Visits to the ER for “Bath Salts”

Bath salts involved in many visits to the emergency department

(RxWiki News) The street drugs called “bath salts,” not to be confused with the relaxing bathtub product, may be more dangerous than people realize. These designer drugs have been sending folks to the ER.

A recent report looked into the number of emergency department visits in the US that involved the use of bath salts.

The report found that of 2.5 million visits to the ER in 2011, nearly 23,000 involved the use of this stimulant-type drug.

"Stay away from bath salts."

The Substance Abuse and Mental Health Services Administration (SAMHSA), an agency of the US Department of Health and Human Services, has released a report on the street drugs known as “bath salts.”

“Although bath salts drugs are sometimes claimed to be ‘legal highs’ or are promoted with labels to mask their real purpose, they can be extremely dangerous when used,” SAMHSA’s chief medical officer, Dr. Elinore McCance-Katz, said in a press statement.

The Drug Abuse Warning Network (DAWN) collected data on emergency department visits by patients using this stimulant-type drug.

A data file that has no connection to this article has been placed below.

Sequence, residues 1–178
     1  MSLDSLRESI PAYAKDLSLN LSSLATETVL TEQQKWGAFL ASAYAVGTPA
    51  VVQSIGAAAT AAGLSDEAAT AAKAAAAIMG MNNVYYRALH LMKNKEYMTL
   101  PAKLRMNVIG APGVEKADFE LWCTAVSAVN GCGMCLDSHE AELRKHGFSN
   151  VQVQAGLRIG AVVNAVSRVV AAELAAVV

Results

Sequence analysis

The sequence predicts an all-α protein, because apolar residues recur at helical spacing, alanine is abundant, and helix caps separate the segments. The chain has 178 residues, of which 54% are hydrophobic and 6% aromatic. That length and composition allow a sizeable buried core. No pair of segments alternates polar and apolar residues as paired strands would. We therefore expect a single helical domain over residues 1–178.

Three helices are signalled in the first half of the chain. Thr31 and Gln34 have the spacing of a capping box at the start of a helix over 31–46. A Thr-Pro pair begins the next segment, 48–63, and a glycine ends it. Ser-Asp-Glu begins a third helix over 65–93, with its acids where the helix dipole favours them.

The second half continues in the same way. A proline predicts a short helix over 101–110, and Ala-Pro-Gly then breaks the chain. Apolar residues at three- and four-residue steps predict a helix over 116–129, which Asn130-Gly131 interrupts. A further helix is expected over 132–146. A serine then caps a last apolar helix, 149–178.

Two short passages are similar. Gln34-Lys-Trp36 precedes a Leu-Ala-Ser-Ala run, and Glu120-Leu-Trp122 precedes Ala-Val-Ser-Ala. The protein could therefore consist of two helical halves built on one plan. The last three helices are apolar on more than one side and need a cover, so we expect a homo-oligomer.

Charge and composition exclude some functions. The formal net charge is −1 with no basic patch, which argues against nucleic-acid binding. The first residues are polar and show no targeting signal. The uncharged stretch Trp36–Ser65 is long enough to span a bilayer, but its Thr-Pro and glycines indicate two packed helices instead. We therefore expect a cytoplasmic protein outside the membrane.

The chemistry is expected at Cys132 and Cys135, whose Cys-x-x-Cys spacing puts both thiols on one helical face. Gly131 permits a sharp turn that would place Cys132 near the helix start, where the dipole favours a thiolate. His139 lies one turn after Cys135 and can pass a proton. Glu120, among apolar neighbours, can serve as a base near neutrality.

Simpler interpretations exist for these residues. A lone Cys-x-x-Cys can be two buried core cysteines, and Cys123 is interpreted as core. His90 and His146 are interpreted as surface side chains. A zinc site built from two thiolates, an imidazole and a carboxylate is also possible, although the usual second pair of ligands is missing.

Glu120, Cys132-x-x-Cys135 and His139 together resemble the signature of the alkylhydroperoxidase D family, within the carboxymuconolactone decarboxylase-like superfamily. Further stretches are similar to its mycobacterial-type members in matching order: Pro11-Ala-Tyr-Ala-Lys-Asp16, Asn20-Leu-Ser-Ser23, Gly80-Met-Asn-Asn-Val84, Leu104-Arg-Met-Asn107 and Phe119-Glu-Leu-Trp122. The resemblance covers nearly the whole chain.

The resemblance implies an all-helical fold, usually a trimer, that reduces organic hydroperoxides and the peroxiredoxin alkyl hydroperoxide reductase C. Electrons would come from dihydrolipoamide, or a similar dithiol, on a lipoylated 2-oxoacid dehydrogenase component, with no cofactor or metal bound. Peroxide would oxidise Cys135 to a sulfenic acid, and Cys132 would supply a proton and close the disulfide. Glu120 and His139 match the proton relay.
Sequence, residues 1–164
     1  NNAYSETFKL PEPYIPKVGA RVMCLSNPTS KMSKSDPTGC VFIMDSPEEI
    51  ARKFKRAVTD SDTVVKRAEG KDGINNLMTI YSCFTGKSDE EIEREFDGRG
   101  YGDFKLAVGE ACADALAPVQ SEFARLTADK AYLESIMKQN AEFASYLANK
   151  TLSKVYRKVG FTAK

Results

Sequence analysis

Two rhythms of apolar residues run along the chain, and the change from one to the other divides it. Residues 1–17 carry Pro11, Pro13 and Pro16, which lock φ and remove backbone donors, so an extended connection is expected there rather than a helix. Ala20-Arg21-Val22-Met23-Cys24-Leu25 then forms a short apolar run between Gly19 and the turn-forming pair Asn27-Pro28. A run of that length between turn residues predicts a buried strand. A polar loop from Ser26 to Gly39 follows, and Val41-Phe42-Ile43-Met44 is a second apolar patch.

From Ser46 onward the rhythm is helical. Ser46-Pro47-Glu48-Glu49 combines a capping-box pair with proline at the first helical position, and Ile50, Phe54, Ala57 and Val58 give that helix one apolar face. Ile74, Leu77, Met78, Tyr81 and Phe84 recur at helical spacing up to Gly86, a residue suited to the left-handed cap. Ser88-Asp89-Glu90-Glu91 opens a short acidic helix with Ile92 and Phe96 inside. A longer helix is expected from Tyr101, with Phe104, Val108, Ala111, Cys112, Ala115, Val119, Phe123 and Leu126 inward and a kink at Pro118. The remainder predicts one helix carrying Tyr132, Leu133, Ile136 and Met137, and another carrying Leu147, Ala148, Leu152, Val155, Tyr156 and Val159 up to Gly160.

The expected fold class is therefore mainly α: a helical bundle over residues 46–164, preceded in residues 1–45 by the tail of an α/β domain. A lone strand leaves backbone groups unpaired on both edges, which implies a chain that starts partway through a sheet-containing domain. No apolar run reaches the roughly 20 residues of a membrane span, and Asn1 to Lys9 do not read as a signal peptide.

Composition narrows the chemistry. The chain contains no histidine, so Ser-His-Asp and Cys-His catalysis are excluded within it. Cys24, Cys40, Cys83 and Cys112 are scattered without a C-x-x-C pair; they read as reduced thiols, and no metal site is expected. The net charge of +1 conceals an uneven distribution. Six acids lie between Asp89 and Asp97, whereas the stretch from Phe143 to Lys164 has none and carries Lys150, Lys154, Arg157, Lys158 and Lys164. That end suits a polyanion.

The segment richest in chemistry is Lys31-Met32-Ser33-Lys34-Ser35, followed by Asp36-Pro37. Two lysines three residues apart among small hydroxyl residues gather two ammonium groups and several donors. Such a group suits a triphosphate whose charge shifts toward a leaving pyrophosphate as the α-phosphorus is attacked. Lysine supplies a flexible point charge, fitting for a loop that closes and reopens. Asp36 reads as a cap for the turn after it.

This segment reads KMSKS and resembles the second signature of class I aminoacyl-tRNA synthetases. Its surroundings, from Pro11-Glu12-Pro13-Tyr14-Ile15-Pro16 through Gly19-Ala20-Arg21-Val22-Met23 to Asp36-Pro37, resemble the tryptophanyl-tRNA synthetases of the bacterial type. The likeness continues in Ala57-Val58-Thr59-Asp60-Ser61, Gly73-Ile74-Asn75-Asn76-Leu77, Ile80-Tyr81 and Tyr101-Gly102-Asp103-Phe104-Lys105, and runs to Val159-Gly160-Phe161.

Overall, the researchers reported that drug misuse or abuse was involved with nearly 2.5 million visits to the ER in 2011.

Similar to an amphetamine-type stimulant, variations of bath salts contain the chemical cathinone. In the US, bath salts were involved in 22,904 ER visits in 2011.

Among the bath salts-related ER visits, 33 percent involved bath salts only, 15 percent also involved marijuana or synthetic marijuana and 52 percent involved some other combination of drugs.

“Bath salts drugs can cause heart problems, high blood pressure, seizures, addiction, suicidal thoughts, psychosis and, in some cases, death — especially when combined with the use of other drugs,” Dr. McCance-Katz said.

This study was published in September on the SAMHSA website. 

Review Date: 
September 18, 2013